Minnesota Will Pay Homeowners to Transform Lawns Into Bee Gardens

The state recently passed legislation to pay 75 percent of the conversion costs in a one-year program.

Minnesota Will Pay Homeowners to Transform Lawns Into Bee Gardens | The state recently passed legislation to pay 75 percent of the conversion costs in a one-year program.

Minnesota is the first state that will pay homeowners to transform their lawns into bee-friendly habitats filled with wildflowers, clover, and other native plants.

That's because the state legislature has passed a bill – that was signed into law the beginning of June 2019 —  to pay homeowners up to 75 percent of the expenses involved in each lawn conversion and up to 90 percent in areas that can support rusty patched bees according to the Star Tribune.

The rusty patched bumble bee, Bombus affinis, has been labeled as an endangered species and is on the brink of extinction. Minnesota is one of the last places where this species lives. This program can breathe new life to these pollinators.

Research at the University of Minnesota  Bee Lab has shown that bumblebees are very important to agriculture in the region. We need pollinators to produce the foods we all love and need like almonds, blueberries, cherries, and a host of other fruits and vegetables.

Minnesota is home to 23 of the 45 bee species in North America. Sadly, one out of three species is now in decline. The state is trying to turn this around.

The loss of the natural prairie and other wild habitat has made flowering lawns in the cities and suburbs vitally important according to a University of Minnesota graduate student who is researching bee diversity and habitat.

His work has centered on bee lawns, lawns that have been seeded with small flowers like white clover and dandelions that have proved to be excellent food sources for bees.

“A pound of Dutch white clover is [costs] about $7 and it grows low enough that people wouldn’t even have to change the way they mow their lawn,” Wolfin said. “So just by not treating white clover like a weed and letting it grow in a yard provides a really powerful resource for nearly 20 percent of the bee species in the state.”

People involved in the bee-related industry are thrilled by the new legislation. "It's just another step to raise awareness of the importance of maintaining a healthy bee population," Travis Bolton, who along with his wife Chiara runs Bolton Bees told KSTP News.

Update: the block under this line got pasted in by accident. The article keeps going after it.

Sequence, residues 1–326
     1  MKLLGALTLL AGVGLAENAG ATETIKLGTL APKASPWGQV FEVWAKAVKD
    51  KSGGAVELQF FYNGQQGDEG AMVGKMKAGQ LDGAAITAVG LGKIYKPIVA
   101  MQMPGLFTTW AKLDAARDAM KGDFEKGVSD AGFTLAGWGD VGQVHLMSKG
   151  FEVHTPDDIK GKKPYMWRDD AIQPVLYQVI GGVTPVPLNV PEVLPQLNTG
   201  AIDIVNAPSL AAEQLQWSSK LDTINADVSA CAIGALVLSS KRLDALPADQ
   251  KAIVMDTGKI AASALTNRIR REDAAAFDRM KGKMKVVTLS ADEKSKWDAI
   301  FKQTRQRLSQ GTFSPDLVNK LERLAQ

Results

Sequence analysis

The Bolton's company partners with solar power gardens by planting native grasses and flowers that are bee friendly instead of just putting grass or gravel underneath the installations. Then they place hives in the location that produce location-specific solar honey that are packed in custom jars for the solar companies.

Bolton stressed that since bees often fly in a three-mile (4.82 kilometers) radius, "the more pollinator-friendly environments out there, the better." He added, "Anything that gets more people to change that mindset of what a perfect lawn should be will have a big impact on every beekeeper in the state."

The legislation allocated $900,000 for one year of grants to interested homeowners; earlier versions provided funding for three years. But it has not yet been announced by the state Board of Water and Soil Resources (BWSR), the agency that will run the program how homeowners can apply for the grants.

State Representative Kelly Morrison, who introduced this groundbreaking legislation, told the Star Tribune that she hopes the program will be ready by spring 2020.

Hopefully, the new law will have a significant enough impact on the viability of these fragile pollinators that the state will continue the funding for many years to come so that the bees and the agriculture they support will thrive.

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